Obsolete - RD Sussman
Today RD is back with a long overdue article, one that came about very quickly, and that's usually how the best articles work.
I think we've all felt "obsolete at times, whether it's on a ride or otherwise. I know for me it's Slingshot rides, they just don't appeal to me and the one one time I rode one I thought I was going to be sick. (Ask SFMM's PR dept). But read on, and be sure to share your comments below. - Gregg
Written by R.D. Sussman
Recently, the PJ 'staff' were in a discussion - and the idea of a potential new coaster at a park being an RMC came up. Mind you, it's all speculation this far out for the most part, but it had been originally guessed to be a GCI wood coaster.
I'm all for parks adding new coasters. It keeps our industry new, fresh & exciting. And it shows we are not just sitting on our laurels waiting for time to pass. In a lot of ways, that's been the case since 1884 (or earlier if you go to the old Russian Ice Slides). Parks & operators have always longed for the newest & most advanced attractions they can build - as it draws people & thrill seekers into a park. And this brings in money - which is the whole core of the business. It is to make money.
As y'all know already, I'm not a fan of transtracturing (be sure to check out RD's article about RMC's here) - that inane process of converting a wood coaster to steel. I'm a hard-core preservationist in the strictest sense; keep it simple, keep it natural, keep it the way it was designed and built. In a way though, this makes me obsolete. It goes against the thought of innovation, of new designs, of new concepts - and against the idea of new coasters in a park.
As I look around at the many new coasters we've seen around the world over the past five years, I look at what we have built - and it's amazing. RMC has cut a niche in rebuilding rides, and their own niche in new build coasters using their steel track or their layered steel-wood systems. Innovation that Alan Shilke can be credited for developing and engineering. At the same time - they don't appeal to me - they are outside my comfort zone. They have revitalized the industry - and made me obsolete.
Ride builders like Intamin, B&M and others have begun building taller, longer & faster rides - 200,300,400 plus feet tall. Innovation & size gratuity that grabs the attention of the media - and brings the guests in by the thousands. They stand out - becoming centerpieces of attraction innovation and visual acuity for a park. They are, for the most part, things I won't set foot on. Again - outside my comfort zone. They have rendered me obsolete.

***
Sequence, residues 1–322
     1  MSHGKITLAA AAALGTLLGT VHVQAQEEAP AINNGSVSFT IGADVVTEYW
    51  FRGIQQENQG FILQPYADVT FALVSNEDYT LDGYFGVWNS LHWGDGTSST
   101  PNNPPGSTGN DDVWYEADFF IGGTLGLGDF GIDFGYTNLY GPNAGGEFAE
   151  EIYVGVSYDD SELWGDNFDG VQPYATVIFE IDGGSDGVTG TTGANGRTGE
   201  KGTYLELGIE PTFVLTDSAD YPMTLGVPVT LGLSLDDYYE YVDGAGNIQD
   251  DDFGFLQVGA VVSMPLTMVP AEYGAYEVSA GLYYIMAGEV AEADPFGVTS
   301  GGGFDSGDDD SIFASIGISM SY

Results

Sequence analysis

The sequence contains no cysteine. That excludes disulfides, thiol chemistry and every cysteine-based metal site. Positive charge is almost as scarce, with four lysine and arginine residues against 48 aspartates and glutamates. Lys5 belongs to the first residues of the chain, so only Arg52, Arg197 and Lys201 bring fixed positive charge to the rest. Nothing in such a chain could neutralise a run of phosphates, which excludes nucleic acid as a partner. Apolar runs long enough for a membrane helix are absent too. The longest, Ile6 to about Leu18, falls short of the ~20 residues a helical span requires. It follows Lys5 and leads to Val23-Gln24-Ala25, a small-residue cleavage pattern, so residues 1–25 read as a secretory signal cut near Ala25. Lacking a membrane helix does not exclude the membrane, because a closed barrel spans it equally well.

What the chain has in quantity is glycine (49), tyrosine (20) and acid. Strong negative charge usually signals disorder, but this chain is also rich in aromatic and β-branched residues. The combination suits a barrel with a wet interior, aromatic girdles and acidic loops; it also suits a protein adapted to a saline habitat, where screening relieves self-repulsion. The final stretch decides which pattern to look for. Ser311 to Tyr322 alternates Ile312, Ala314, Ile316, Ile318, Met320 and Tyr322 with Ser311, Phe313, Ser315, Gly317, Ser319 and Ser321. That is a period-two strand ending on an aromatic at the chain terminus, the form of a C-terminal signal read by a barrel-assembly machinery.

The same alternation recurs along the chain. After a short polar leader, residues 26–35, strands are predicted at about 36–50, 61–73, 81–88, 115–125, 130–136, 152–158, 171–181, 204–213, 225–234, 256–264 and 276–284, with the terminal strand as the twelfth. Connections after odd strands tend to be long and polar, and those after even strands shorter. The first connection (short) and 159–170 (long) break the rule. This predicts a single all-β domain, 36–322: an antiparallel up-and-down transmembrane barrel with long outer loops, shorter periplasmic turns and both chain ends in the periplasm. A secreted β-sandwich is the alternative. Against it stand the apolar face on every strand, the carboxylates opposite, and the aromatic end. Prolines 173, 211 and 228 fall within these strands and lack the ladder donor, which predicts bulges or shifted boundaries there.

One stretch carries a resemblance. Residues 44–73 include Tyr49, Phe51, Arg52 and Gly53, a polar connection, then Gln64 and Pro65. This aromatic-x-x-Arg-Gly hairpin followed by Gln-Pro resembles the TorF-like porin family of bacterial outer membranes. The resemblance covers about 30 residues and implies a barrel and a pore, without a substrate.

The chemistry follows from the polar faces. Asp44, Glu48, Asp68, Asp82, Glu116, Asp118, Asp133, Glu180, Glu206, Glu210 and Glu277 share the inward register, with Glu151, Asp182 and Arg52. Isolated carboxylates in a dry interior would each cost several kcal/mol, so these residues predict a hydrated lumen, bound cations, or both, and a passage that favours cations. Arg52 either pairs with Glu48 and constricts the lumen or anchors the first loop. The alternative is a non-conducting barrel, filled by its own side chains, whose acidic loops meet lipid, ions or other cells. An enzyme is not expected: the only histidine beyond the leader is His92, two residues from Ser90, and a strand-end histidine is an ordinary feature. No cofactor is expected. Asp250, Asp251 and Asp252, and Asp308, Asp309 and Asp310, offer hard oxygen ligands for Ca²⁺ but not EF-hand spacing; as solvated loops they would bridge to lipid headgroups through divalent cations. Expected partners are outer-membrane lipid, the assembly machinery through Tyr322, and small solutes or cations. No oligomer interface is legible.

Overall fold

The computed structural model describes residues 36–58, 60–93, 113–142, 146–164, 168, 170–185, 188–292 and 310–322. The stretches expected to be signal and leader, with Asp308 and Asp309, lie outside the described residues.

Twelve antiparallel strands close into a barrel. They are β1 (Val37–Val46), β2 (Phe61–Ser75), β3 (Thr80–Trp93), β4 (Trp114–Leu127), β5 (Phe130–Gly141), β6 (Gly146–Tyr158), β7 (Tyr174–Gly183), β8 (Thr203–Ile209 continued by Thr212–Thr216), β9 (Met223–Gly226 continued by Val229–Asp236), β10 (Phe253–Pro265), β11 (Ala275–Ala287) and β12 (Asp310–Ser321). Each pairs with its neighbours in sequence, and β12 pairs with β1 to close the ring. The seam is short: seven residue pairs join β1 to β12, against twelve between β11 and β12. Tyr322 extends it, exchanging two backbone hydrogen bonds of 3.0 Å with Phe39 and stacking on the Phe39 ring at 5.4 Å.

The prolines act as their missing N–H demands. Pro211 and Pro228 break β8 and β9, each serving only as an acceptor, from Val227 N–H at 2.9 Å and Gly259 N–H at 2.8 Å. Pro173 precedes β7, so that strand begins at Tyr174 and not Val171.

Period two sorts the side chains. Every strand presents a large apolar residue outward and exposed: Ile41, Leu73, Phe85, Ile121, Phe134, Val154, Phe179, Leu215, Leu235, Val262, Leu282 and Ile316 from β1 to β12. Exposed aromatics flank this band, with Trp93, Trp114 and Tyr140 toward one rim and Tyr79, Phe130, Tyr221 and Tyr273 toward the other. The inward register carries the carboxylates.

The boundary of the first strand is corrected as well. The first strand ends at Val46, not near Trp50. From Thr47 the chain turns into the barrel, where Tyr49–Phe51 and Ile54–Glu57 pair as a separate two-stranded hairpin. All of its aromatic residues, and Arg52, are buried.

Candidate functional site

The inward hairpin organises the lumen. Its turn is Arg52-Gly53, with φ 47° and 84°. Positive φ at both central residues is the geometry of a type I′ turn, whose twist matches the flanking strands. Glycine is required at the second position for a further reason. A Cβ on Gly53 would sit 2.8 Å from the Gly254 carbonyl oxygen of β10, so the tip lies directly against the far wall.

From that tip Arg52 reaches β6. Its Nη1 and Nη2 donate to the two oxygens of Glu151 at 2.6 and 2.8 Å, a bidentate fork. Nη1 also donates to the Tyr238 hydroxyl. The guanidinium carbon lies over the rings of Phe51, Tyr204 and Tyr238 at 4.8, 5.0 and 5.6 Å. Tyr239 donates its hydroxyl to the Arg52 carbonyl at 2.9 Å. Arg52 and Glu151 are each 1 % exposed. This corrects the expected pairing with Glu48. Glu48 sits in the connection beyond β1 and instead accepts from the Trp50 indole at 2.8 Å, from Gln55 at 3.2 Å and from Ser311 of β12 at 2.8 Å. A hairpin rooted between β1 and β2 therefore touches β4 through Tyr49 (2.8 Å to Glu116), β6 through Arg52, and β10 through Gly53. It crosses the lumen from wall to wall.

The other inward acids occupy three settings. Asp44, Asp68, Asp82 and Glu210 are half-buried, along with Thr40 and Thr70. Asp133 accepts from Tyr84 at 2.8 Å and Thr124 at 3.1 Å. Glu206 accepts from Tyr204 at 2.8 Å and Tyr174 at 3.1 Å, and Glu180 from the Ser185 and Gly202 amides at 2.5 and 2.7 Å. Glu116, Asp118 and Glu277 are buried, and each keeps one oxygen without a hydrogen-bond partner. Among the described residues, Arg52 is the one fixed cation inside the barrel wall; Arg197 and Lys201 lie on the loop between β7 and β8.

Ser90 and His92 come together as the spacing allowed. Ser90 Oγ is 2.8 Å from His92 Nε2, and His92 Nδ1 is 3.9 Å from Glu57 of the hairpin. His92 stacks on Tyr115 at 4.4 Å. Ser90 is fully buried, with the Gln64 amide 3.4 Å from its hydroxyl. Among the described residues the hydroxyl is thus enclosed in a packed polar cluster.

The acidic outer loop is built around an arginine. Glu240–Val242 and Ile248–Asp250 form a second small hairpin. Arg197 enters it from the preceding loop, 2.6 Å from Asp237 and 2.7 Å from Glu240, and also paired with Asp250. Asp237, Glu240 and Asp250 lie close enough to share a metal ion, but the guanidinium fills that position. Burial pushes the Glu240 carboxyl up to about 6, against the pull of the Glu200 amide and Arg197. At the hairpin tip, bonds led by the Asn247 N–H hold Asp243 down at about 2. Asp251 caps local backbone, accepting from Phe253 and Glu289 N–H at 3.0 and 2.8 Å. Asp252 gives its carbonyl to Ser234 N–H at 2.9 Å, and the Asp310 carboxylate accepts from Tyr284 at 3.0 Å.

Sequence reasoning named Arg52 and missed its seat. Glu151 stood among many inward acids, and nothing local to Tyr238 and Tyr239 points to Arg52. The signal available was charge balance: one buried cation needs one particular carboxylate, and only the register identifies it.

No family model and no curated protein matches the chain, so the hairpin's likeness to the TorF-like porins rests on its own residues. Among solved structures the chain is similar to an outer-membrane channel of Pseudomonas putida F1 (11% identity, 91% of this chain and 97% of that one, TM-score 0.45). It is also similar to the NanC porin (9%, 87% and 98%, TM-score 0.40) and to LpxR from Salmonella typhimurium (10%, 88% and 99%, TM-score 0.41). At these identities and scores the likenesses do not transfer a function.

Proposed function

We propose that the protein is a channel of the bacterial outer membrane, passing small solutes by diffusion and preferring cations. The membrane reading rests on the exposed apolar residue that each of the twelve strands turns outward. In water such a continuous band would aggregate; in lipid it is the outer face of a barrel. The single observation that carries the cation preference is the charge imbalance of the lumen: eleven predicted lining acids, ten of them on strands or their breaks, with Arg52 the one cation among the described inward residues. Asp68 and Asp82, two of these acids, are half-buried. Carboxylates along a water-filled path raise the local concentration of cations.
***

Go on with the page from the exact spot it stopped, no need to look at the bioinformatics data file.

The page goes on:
As I walk around my local parks (SFMM, Disneyland & Knott's on one coast; SFoG on the other) I see vast worlds of difference. Disney's family-friendly attractions are still popular 50 plus years after they opened, and they tend to be outside the general park box for the most part. But seeing Knott's, SFMM & SFoG (among other chain parks) I look to their additions over the past 15 years - and at how many are new-generation attractions - built for thrills & for impact - and doing that job perfectly. At the same time: I look at how many attractions are now gone - ones that were either overhauled into completely new rides - or removed entirely due to a lack of popularity. A part of me went with those coasters - like them: I'm obsolete.
I grew up with some of the best theme parks in the USA - HersheyPark, Kings Dominion & Busch Gardens Williamsburg. I saw these parks innovate, add attractions & deftly change the landscape by adding bigger and more advanced designs. And then, as now, innovation was key. Duplication as a whole wasn't started yet (We have to give it to BatClone for that era...) but competition was fierce. At the same time - I considered that even the smaller coasters were fun & rideable. And up into the past five or six years, for the most part I felt the same way: Many coasters are there for fun & for entertainment. Very few were in the 'extreme' category - only a handful of parks would have something in that class.
This isn't the case anymore - the 'fun' is disappearing for me as parks remove attractions, revitalize older ones, and add new extreme attractions. Those drive me away from parks - instead, they do what they are intending to do: Bring new people in, spending money - as the parks did 25 years ago with me. In a way, time & parks have made me obsolete.
There will be a time in the near future when parks are no longer fun places for me. Where the fun coasters are all replaced by extreme rides, thrill rides, ones that draw the masses in. And on that day, I'll wave goodbye. Obsolescence occurs - it is the trend of life, of society, of man & machine. And I'll move on to another hobby - as I'm rendered obsolete.
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